was quite successful in stopping those attacks and in arresting
and making some people amenable for offences. But it does demand
a long-term campaign, and it demands a long-term campaign to deal
with the actual effects and deal with the paramilitary organisations.
85. And do you think the reforms of the RUC
have any impact on this?
(Mr McQuillan) I think, in one sense, in terms of,
for example, the Chairman's opening questions, the reforms on
the criminal justice side, in terms of putting together a Community
Safety Strategy, sharing information, working together to solve
problems, could have a very positive effect on this, but we would
need first to build up a momentum to begin to undermine the paramilitary
violence. But certainly some of those reforms could assist us
in working much more closely together, and remove some of the
legal barriers to, for example, sharing information.
86. Good afternoon, Mr McQuillan; welcome to
our Committee. To what extent has the increased sectarian homogeneity
of many urban estates made it more difficult for the police to
operate normally in them; and are there any areas which the RUC
regards as `no go' areas, or as areas which require special precautions
before they are entered by RUC officers on duty?
(Mr McQuillan) There are areas in Northern Ireland
where we take special precautions. Our patrol profile is adjusted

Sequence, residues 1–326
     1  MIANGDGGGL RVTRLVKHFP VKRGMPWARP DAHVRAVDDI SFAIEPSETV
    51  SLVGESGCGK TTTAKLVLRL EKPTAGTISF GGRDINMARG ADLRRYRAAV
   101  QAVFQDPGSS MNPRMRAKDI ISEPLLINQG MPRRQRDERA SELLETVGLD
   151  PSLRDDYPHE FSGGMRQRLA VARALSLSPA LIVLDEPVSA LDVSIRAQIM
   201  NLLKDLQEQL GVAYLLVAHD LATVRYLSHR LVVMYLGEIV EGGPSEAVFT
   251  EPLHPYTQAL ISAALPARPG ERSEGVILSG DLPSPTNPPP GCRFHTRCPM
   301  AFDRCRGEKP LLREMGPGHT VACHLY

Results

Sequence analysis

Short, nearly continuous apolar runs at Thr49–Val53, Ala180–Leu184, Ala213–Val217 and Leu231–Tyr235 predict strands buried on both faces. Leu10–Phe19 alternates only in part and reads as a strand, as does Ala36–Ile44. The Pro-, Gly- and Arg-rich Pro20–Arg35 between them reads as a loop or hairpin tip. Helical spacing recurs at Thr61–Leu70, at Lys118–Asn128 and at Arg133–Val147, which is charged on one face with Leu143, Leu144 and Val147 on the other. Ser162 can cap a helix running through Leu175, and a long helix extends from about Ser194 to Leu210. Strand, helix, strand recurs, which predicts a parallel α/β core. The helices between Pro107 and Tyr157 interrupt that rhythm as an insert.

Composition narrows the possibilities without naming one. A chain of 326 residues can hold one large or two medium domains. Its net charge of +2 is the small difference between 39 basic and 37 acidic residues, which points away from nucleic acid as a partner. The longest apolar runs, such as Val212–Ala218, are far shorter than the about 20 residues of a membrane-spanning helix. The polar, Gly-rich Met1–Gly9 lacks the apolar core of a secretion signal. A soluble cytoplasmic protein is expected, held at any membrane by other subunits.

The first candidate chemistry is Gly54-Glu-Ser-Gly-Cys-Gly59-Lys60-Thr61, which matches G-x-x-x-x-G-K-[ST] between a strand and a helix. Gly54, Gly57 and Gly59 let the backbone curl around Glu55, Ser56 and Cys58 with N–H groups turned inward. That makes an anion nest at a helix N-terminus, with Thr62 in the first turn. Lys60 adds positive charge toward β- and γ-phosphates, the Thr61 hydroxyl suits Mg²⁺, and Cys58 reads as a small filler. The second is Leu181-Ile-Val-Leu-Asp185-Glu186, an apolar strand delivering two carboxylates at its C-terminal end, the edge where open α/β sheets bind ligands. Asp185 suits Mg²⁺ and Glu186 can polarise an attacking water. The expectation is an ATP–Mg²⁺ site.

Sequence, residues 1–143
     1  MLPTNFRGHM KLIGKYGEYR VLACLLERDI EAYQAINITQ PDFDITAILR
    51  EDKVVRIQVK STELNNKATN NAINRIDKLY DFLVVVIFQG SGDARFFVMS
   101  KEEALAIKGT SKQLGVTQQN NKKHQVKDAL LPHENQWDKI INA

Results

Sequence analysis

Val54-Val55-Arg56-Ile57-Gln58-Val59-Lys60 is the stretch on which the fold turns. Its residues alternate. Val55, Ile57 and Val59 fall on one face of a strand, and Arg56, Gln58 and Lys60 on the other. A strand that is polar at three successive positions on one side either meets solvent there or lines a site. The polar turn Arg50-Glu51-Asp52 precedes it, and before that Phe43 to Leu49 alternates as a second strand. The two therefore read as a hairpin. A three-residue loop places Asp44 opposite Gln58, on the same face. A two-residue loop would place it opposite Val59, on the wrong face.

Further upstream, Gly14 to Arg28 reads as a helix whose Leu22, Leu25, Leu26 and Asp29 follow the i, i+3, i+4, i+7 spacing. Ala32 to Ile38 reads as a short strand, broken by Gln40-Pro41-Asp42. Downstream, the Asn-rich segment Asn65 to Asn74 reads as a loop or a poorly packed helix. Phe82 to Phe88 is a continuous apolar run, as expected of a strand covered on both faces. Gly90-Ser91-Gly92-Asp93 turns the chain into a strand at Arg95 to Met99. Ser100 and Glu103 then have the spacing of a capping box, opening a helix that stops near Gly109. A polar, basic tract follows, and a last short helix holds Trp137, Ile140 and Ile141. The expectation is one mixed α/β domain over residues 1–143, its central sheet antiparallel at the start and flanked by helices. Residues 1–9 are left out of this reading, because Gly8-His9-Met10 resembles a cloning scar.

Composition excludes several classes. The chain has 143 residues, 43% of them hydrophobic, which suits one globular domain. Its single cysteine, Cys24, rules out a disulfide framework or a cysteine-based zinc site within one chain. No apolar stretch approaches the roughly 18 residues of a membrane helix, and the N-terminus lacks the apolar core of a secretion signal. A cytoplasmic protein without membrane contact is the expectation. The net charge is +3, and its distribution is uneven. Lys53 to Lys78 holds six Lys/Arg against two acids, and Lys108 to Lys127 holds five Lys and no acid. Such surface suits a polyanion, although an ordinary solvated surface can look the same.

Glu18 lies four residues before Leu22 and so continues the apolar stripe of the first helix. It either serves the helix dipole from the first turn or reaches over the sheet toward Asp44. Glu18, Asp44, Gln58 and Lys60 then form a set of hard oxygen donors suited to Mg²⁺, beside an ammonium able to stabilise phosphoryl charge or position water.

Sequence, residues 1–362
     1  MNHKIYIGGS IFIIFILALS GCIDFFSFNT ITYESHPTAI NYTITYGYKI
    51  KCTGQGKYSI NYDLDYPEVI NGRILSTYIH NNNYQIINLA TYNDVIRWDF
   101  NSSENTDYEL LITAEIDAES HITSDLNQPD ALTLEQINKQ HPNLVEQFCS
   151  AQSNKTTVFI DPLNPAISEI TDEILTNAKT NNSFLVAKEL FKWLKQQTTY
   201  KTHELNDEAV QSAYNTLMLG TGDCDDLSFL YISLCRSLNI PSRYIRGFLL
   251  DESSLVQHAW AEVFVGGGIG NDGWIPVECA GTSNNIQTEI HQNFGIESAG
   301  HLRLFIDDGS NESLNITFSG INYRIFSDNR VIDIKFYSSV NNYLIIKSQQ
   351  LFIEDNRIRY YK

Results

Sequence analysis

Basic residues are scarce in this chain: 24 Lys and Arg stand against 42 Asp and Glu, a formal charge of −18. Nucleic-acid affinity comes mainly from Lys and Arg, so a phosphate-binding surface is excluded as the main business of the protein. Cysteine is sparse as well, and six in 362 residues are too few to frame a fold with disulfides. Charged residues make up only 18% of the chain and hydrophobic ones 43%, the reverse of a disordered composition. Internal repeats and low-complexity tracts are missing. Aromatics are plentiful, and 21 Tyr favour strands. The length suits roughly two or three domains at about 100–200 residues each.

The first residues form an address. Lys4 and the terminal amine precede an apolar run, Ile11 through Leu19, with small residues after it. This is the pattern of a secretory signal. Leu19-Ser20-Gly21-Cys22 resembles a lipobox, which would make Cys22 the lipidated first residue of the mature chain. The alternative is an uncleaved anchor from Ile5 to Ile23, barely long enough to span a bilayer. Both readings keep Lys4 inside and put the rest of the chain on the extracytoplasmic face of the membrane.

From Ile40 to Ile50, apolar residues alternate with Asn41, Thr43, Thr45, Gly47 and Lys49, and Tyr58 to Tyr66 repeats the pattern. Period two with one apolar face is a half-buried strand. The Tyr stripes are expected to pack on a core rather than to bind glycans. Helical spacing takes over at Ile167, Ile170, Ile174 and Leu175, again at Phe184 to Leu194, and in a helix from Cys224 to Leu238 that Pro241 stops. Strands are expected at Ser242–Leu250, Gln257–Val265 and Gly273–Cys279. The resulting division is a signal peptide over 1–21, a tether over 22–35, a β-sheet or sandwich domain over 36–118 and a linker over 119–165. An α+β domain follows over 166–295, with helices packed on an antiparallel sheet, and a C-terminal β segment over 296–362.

according to the security threat. For example, in South Armagh,
we are still forced, by the threat of attack, to travel by helicopter,
to have quite significant military support accompanying police
patrols. In virtually every other area of Northern Ireland, we
have now reached a situation where the police patrol on their
own, and without substantial military support, on a routine basis;
we only bring the military in when we need to do so, because we
do not have enough resources, or because there is a peak in the
violence. The short answer is though there are no `no go' areas;
there are still some areas where we have to take special precautions.
In terms of the overall control of estates, we have not found,
as yet, that the overall paramilitary control, in certain areas,
or, the strength of paramilitarism, in some areas, stops us operating.
It clearly has an impact upon policing, in that people are afraid
to speak out, people are afraid to be seen going to the police,
but that situation has persisted for many years, and certainly
our impression is that it is getting better in many areas. For